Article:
In November 2009 I participated in an olive harvest for the first time. Don't let the strained look on my face fool you – I had it pretty easy. David Thom and Tanya Starrett are a couple who moved from Glasgow to rural Umbria a few years ago to found Campogrande, a B&B and organic olive farm. At the moment they have only 40 trees, enough to produce about 70 litres a year of delicious extra virgin oil.
As I said, it was my first harvest, and far less difficult than I expected. First of all, it's not nearly as dirty a job as I'd anticipated. Prepared for long hours in mossy trees buzzing with vicious insects and incontinent birds, I was pleasantly surprised to find the trees clean, sturdy and miraculously inhospitable to territorial wildlife. Secondly, the big, ripe olives fall off the tree like they're desperate to be picked. We hand-picked the low-hanging olives and used small rakes to scrape the fruit off the higher branches. What I expected to be a repetitive, tedious process becomes a perfectionist game, a challenge to leave the tree scraped completely clean. It's almost impossible to walk away from an unfinished tree, the unreachable branches waving like a crude taunt. Once scraped off the branches, the olives fall into ground nets, a tumbling carpet of purple, green and black.
It's amazing how prolific some of the trees are. A well-kept tree in a good harvest year can produce a full crate of fruit, or about 4 litres of oil, according to this blogger. So far I've characterised the work as painless, but only because I could come and go as I pleased, and helped to pick a relatively small haul. In no way do I want to understate the hard work that goes into large-scale commercial harvests. I also helped another family in their (much larger) grove, where they arrived early in the morning and worked tirelessly until sundown. Extra bodies make an enormous difference – one person could pick clean one of Tanya and David's trees in an hour or so. Add a a partner and the tree is done in half the time. Two teams of two can get therefore do four trees an hour.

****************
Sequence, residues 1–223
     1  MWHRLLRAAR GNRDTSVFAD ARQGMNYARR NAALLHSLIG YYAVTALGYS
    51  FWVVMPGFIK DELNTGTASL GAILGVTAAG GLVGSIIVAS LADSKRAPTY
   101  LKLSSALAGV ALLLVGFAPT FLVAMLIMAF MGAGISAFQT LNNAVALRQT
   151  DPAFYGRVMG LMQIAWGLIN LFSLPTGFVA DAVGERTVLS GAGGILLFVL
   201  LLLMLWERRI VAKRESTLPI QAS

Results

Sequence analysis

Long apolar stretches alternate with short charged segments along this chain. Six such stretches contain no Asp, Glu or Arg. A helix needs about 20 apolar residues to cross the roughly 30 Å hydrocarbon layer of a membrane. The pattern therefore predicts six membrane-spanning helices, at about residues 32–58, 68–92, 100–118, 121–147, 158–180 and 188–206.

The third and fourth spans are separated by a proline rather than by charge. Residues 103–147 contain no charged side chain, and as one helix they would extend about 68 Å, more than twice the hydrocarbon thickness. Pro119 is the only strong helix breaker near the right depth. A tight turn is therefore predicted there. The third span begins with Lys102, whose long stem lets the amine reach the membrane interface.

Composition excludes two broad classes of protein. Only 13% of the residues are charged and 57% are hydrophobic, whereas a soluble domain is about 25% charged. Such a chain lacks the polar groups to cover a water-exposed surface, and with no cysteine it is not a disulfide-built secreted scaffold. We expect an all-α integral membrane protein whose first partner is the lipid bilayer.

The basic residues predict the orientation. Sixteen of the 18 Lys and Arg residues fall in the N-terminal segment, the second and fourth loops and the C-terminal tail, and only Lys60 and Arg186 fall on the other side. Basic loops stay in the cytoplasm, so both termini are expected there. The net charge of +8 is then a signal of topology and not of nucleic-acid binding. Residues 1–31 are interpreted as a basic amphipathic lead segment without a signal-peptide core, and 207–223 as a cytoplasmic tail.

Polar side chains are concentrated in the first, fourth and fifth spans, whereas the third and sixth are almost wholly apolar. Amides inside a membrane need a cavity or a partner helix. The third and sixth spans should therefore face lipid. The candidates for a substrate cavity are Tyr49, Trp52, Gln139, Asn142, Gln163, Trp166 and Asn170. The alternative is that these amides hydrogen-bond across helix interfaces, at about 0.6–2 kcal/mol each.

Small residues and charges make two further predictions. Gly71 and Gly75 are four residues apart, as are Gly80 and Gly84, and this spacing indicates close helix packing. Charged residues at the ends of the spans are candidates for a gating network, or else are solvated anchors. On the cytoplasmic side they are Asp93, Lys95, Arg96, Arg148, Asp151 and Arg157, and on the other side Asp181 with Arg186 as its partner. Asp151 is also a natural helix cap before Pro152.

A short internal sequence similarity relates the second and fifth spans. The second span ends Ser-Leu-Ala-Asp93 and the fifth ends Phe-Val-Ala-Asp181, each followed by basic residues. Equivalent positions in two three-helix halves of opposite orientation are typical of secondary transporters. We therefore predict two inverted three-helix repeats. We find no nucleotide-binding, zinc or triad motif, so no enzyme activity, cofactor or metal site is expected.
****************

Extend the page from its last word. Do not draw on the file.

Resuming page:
Campogrande's olives are pressed at an old-fashioned stone mill (frantoio). The area has a more modern facility, reputedly the preference of many Italians on account of its hygiene guarantees, but small-scale producers often opt for the slower, more traditional technique. I went with David and Tanya to collect their oil, which had been pressed over two days at the frantoio. As I understand the process, the olives are dumped from crates into an industrial blower, removing leaves, twigs and other adulterants. The raw olives are then pulped between large stone discs, creating a rough paste. This paste is then spread onto what look like nylon platters, which are rested between rotating plates on a large centrifuge, the whole device resembling the unholy offspring of a jukebox record stack and donner kebab. The platters are squeezed between the spinning plates, and the resultant oil pours liberally from the stack. Even when you've had access to every step of the production process, it's still difficult to believe just how much oil these trees can produce. And of course, it's hard not to start pondering those annoying questions about olive fundamentals... Who ate the first olive? Who decided it might be a good idea to crush them and make oil? When was it discovered that a couple weeks' curing would make the raw fruit edible?
I'll no doubt be spending a lot more time with olives. By all accounts the pruning is a specialised art, and the subject of perpetual debate amongst self-appointed experts. My next volunteering jaunt takes me to Arezzo province in Tuscany, where the olive trees and grapevines await grooming.
Campogrande's oil is currently only available directly to B&B guests, though Tanya and David are looking for ways to make their product more widely available.